Biological hierarchies and the nature of extinction

It is demonstrated how MALF fits into a hierarchical framework, showing that MALf can be a primary forcing mechanism at lower scales that still results in differential survivorship patterns at the species and clade level which vary depending upon the initial environmental forcing mechanism.

The Dire Consequences of Specializing on Large Herbivores

  • Branden T. Neufeld
  • Environmental Science
    USURJ: University of Saskatchewan Undergraduate Research Journal
  • 2018
Niche differentiation is a way in which similar species avoid competition. Some species do this by specializing in certain prey items. This review aims to determine why the dire wolf (Canis dirus)

Canine Evolution in Sabretoothed Carnivores: Natural Selection or Sexual Selection?

Scaling relationships indicate the probable importance of sexual selection in the evolution of the hypertrophied sabretooth anterior dentition.

Morphological convergence of the prey-killing arsenal of sabertooth predators

Results indicate that sabertooth morphs with longer, thinner canines show more robust limb proportions, and indicate a positive functional relationship between saber elongation and increased forelimb robustness, which suggests that saber carnivorans demonstrated niche partitioning of predation strategies according to canine shape and correspondingForelimb morphology.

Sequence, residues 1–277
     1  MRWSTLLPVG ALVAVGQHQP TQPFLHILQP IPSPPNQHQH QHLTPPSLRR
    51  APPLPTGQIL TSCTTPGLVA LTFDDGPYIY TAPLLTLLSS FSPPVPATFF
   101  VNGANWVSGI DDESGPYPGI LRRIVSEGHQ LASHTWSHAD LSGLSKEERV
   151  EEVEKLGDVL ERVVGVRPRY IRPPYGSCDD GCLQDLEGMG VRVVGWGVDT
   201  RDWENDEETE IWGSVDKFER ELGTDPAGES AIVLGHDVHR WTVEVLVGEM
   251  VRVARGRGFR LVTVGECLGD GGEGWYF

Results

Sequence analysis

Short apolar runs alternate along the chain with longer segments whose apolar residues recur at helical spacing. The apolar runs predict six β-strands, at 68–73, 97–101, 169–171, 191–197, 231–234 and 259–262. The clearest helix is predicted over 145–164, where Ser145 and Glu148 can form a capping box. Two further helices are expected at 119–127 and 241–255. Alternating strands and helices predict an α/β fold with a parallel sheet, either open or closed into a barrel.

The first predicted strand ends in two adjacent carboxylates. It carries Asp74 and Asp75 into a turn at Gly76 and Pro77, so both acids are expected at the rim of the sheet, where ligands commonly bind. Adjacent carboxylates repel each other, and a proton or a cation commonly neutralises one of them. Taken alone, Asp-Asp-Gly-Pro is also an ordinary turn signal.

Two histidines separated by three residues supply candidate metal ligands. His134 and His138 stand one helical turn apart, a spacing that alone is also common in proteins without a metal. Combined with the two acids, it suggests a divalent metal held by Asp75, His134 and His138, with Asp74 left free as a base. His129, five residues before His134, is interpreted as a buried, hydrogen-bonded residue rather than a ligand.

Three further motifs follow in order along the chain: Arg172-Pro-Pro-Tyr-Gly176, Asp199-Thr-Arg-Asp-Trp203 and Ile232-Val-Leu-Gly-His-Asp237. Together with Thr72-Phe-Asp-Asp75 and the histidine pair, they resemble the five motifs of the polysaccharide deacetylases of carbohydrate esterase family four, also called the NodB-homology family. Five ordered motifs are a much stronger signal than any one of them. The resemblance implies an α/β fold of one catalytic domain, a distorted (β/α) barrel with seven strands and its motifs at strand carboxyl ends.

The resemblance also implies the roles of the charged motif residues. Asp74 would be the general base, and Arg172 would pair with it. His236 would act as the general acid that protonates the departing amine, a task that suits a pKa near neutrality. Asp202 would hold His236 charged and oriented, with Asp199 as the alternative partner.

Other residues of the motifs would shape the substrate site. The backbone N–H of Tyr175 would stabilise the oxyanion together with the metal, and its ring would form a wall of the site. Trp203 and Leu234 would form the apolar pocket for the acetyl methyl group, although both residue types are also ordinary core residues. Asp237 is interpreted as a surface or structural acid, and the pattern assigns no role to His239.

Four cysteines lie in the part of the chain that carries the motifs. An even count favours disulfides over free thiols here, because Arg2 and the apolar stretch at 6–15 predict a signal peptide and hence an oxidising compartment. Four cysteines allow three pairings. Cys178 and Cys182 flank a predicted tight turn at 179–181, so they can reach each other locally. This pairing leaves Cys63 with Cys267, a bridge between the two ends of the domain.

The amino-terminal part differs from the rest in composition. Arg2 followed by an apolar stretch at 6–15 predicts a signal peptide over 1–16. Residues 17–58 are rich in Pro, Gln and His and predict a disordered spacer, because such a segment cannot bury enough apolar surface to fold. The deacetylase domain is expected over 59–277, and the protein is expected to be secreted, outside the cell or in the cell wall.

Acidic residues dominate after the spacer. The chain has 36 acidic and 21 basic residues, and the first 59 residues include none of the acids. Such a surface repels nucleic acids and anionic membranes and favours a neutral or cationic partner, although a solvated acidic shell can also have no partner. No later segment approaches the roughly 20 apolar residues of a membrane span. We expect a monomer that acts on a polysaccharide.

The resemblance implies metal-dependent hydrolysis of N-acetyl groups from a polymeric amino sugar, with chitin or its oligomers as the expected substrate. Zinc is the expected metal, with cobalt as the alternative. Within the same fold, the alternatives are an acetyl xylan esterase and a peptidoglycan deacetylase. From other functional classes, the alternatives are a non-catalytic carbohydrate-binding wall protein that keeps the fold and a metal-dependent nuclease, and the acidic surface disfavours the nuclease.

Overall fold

Craniofacial morphology and feeding behavior in Canis dirus, the extinct Pleistocene dire wolf

The results indicated that the extinct dire wolf was similar to the living gray wolf in 11 of the 15 indices, and it is inferred that the dire wolf exhibited feeding behavior that approached that of the livinggray wolf, but may have differed in killing technique, where it held longer to its struggling prey.



Ten years in the library: new data confirm paleontological patterns.

  • J. Sepkoski
  • Geology, Environmental Science
  • 1993
A comparison is made between compilations of times of origination and extinction of fossil marine animal families published in 1982 and 1992; diversity curves compiled from the two data bases are very similar, with a goodness-of-fit of 99.